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Community members celebrate Zev Yaroslavsky

Suzanne Guldimann, Freelance Reporter
3:19 pm PDT June 23, 2014

Conservationists, activists, area residents and community officials gathered at King Gillette Ranch in the geographical center of the Santa Monica Mountains National Recreation Area on Saturday, June 21, to celebrate the achievements of Los Angeles County Third District Supervisor Zev Yaroslavsky, who will be term out of office in November. 

The event, hosted by the Las Virgenes Homeowners Federation, celebrated “a 20-year journey dedicated to preserving and protecting the Santa Monica Mountains.”

Yaroslavsky, whose district includes the cities of Malibu, Agoura Hills and the swath of unincorporated Santa Monica Mountains between the two municipalities, has made conservation and public access a priority. During his 20 years as a supervisor, Yaroslavsky has helped the National Recreation Area grow by 20,000 acres. In Malibu, that includes the acquisition of extensive open space in Corral Canyon, Nicholas Canyon, Latigo Canyon, Upper Solstice Canyon, Decker Canyon, Little Sycamore Canyon and, just last month, 703 acres in Puerco Canyon, formerly owned by filmmaker James Cameron, and slated for a housing development.

Yaroslavsky’s philosophy has been “let the land dictate the use.” He has advocated park acquisition, limiting development on ridgelines and in environmentally sensitive habitats, and has incorporated many of his conservation priorities into the Local Coastal Program for the Santa Monica Mountains that is currently being considered by the California Coastal Commission.

“We are sitting in a landscape by Yaroslavsky,” Santa Monica Mountains Conservancy Executive Director Joe Edmiston once quipped. 

“[Yaroslavsky] has spearheaded and upheld conservation like no other in the Santa Monica Mountains,” Las Virgenes Homeowner's Federation President Kim Lamorie said, calling the supervisor “the single most powerful force for good in our mountains. Thanks, Zev. We’re going to miss you,” she said.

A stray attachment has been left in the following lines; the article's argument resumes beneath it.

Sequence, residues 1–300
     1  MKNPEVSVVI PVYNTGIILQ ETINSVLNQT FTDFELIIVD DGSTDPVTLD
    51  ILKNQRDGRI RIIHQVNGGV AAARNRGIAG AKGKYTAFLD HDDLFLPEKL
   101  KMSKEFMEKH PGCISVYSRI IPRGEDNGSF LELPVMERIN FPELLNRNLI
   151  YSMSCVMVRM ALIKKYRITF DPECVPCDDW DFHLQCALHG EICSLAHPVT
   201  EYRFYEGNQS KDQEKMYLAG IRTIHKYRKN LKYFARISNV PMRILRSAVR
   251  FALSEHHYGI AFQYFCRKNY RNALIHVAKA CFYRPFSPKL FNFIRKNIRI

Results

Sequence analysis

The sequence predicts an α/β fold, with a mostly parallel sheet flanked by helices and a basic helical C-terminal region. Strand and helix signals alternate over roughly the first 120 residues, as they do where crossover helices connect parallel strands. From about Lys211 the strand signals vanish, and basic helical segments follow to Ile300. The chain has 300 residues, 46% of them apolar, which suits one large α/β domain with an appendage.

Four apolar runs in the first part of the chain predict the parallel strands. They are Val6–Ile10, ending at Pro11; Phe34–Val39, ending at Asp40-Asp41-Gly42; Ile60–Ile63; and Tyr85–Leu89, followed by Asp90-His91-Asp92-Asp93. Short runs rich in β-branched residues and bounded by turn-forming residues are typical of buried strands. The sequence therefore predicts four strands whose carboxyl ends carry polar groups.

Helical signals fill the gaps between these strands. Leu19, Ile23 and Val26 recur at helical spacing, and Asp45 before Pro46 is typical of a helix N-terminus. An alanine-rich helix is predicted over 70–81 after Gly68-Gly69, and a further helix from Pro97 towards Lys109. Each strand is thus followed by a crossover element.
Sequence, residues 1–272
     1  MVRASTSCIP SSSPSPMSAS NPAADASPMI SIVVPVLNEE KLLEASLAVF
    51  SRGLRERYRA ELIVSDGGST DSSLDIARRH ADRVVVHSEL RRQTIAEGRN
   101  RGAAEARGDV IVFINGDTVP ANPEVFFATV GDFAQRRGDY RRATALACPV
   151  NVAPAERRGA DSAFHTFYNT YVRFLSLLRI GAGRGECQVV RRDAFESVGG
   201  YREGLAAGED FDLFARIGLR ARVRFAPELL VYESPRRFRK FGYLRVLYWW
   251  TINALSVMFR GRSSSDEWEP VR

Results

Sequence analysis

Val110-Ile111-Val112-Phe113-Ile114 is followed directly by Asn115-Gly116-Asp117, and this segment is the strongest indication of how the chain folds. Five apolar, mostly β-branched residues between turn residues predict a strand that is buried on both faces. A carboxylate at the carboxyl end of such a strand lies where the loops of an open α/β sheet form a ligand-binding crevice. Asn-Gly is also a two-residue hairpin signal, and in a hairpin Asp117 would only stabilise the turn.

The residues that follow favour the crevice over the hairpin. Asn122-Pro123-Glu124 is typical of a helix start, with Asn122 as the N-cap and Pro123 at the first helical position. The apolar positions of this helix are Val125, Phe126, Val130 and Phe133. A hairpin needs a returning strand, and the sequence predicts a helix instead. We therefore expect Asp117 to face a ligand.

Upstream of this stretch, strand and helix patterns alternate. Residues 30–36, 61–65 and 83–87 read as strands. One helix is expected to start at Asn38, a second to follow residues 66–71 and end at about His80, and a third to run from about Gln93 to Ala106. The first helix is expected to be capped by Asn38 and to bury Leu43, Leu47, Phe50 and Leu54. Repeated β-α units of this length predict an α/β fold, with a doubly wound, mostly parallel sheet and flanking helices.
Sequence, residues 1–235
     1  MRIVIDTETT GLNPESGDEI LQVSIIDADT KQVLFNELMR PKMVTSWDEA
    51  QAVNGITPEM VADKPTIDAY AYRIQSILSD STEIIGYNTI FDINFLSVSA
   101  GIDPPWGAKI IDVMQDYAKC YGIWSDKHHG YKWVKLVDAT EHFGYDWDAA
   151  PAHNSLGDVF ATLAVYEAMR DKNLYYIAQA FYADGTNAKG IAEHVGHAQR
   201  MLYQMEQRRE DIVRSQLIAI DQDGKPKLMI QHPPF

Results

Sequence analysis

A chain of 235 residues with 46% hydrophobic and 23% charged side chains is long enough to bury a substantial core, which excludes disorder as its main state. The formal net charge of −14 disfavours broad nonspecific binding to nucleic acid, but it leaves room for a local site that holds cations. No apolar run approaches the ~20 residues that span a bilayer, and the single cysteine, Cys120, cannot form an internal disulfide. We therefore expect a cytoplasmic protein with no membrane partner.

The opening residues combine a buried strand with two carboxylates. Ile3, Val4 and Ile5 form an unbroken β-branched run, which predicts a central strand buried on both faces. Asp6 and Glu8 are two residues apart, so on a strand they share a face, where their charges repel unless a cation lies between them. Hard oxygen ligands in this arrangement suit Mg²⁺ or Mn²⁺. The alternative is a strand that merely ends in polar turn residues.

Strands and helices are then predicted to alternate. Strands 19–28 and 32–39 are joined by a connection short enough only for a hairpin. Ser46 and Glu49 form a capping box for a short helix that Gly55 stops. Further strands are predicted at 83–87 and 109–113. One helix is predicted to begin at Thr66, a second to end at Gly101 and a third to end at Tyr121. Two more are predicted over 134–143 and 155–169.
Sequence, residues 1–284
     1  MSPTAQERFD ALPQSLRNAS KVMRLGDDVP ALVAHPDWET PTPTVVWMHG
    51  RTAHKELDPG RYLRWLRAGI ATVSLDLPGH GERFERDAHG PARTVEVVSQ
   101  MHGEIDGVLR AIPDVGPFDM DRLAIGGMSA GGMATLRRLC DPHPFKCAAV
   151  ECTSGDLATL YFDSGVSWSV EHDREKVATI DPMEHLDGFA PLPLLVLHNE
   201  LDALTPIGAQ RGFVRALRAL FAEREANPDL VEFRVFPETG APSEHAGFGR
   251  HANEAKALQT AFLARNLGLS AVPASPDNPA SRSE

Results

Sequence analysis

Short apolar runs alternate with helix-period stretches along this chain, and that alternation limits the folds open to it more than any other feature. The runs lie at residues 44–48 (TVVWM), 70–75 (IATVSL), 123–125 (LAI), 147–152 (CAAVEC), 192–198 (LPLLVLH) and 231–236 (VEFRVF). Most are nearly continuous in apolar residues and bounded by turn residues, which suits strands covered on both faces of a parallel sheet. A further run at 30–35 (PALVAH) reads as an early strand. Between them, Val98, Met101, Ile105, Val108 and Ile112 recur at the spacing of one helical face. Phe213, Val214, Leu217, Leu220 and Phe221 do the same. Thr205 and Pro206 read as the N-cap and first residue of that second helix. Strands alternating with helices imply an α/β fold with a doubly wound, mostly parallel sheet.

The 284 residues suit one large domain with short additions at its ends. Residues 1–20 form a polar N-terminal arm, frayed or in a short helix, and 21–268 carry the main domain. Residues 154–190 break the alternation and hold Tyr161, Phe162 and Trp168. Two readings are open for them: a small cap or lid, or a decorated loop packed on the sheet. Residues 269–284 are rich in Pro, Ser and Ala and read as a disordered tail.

“I’ve learned a lot from you,” Malibu Mayor Skylar Peak said. “The Santa Monica Mountains are one of the most remarkable resources in California and maybe the world.”

“You’ve done great things for Malibu,” added Malibu Mayor Pro Tem John Sibert. 

Yaroslavsky received a commendation from the City of Malibu. Some of the other tributes presented during the evening were less conventional. Ruskin Hartley, president of Heal the Bay, presented the supervisor with an empty plastic bag.

 “It’s an endangered animal,” he told Yaroslavsky, referring to the supervisor›s successful campaign to ban single-use plastic bags in unincorporated Los Angeles County. Heal the Bay is also naming a moon jellyfish at the Santa Monica Pier Aquarium in Yaroslavsky›s honor, Hartley said.

Yaroslavsky received “adoption papers” for a western pond turtle, a native species that is recovering from the brink of extinction, from Clark Stevens, executive director of the Resource Conservation District of the Santa Monica Mountains. “We thought we should get him a reptile,” Stevens said. “This is Topanga Turtle number 179. We call him Zev.”

Other tributes included a watercolor of King Gillette Ranch, one of the supervisor’s major conservation victories; a walking stick and a hiking guide to the Santa Monica Mountains; and a sunset toast from the audience featuring raised glasses of “Zevtini,” a specially concocted cocktail featuring vodka and apple schnapps, garnished with an apple slice marked with the letter Z. Yaroslavsky›s staff members—including Senior Field Deputy Susan Nissman, a familiar face in Malibu; and Planning Deputy Ben Saltsman, who had a trail in Decker Canyon named in his honor—were also recognized from their contributions.

“I’m very blessed,” Yaroslavsky said, at the end of the presentations. “Nothing we’ve done came from the top down, it all came from you. I’ve been your agent. I’ve been in a place where I could do good and we have the ability to do some things still.”